Garden Pest: Tomato Hornworms


As I mentioned on my “Garden Season of 2011” post, I was doubting if I’d even put out a garden this year – especially since I was moving, in between two houses, getting a late start, etc.

Well, I ended up planting a corn field over at the other place I left that was for sale, and a small tomato patch at the new house.  Last year, the biggest garden pest I had was Japanese Beetles.  Those pesky little beetles were eating the corn silks and part of the ears last year, but I planted my corn later this year and, for whatever reason, I didn’t have a problem with ’em this particular growing season.  Actually, I figured they would be the type of garden pest that would get worse each year until I totally moved my crop to a different area.  Anyway……

This year, and for the first time in my gardening career, I have had problems with my tomato plants.  I’ve heard of cutworms or whatever, but I’ve never had dealings with Tomato Hornworms before!  Those bastards can really do some damage, as they are some serious freakin’ gluts!  Look below, for a couple pictures of those fat, green caterpillars with horns:



Yeah, they are fat, green, and have a red horn sticking out – near their bunghole region.  Of course, a lot of people may be looking for the “how to remove” advice, but I’m going to keep it short.  Personally, other than the enjoyment of working in a garden, I mainly grow the food I plant to have organic produce from fertile soil that, in return, has a  full, rich flavor that you can’t find at your common grocery stores.  So, I manually remove these garden pests when possible and go ahead and accept the fact that some of my yield goes to the insects and animals, etc.  But what is left, will be totally organic.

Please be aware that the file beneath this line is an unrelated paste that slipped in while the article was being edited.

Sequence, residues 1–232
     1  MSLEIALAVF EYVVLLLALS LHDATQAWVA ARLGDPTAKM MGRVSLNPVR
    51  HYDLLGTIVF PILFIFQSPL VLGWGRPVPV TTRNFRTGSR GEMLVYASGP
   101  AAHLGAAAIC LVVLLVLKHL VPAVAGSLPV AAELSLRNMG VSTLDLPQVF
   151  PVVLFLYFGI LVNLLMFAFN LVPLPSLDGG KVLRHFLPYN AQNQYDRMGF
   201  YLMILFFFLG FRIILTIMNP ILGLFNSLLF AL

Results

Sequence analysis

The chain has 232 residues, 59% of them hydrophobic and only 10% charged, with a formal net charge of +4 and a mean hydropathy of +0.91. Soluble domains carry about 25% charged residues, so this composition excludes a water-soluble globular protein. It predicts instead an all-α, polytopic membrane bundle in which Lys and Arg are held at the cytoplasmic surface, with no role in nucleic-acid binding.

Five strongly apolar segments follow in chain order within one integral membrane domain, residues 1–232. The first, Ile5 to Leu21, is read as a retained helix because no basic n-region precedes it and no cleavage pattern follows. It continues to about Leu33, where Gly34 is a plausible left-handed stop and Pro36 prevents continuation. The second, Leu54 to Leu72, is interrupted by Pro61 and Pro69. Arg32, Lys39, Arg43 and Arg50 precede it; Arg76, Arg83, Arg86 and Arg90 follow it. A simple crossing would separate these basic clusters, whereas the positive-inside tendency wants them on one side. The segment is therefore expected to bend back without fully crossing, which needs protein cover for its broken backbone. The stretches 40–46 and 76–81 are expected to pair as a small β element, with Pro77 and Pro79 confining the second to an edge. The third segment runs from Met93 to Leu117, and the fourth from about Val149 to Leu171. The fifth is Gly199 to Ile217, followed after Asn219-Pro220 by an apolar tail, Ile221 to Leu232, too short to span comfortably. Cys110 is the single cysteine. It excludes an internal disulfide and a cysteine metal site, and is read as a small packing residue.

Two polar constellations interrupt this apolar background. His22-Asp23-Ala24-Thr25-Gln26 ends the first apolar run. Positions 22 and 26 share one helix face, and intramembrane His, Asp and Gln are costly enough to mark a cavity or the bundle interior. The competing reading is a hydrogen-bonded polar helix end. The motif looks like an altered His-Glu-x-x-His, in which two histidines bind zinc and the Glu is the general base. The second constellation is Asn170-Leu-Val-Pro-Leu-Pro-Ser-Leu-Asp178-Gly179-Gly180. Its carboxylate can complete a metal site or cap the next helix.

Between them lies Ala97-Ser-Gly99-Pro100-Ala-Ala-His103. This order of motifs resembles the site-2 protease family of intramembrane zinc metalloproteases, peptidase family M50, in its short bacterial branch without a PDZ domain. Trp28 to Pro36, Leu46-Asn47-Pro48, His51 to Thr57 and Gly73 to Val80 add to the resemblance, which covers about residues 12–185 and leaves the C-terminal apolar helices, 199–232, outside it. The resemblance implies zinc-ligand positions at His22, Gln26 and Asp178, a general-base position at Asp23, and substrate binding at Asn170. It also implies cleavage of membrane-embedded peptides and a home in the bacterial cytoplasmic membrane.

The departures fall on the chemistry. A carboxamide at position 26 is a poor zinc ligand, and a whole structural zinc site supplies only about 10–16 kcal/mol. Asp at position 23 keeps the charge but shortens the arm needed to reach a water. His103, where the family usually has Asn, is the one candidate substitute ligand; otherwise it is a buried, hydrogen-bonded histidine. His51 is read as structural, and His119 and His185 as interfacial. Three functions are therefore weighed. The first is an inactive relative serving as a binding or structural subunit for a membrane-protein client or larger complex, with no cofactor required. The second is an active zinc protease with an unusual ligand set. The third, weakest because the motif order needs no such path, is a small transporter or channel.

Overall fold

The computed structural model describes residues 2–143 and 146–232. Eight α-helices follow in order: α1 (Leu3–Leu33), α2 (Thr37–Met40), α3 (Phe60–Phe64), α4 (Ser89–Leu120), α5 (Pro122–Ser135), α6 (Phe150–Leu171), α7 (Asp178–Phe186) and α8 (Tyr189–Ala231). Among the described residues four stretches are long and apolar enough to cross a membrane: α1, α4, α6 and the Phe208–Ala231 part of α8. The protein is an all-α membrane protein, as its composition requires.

Now, if you are a big fan of insecticides and poisonous sprays, I recommend that you get one that is especially formulated for caterpillars – if Tomato Hornworms are your problem.

These green, hungry devils eat like crazy; they eat the tomatoes and the plant itself.  It often looks like somebody went by and trimmed your plant with scissors.  However, they are not cutworms, but similar; cutworms usually cut your plant off close to the base.  To rid yourself of them, it is good to not let the weeds build up around your plants, which act as a breeding ground, till the ground as often as needed, and to place tin foil, cardboard, etc., around the base of your tomato plants.  Of course, there is insecticide for cutworms, as well; I just try to steer clear from poisons and chemical sprays.  Hell, if I wanted my garden to be full of chemicals, I’d just not ever plant anything and would buy all my produce at the local market.

Well, I mainly wanted to do a quick post over the Tomato Hornworm in case people are out there searching online using phrases like “these damn green worms are in my garden and eating my tomato plants,” etc.  If I would have kept a check on my tomato patch more often, I could have removed them quicker and less damage would have occurred.

At any rate, good luck with your crops!  Cheers!

Update:  Due to a special request/question in the comment field, below is a picture of what the Tomato Hornworms ultimately turn into, which is a Five-spotted Hawk Moth:


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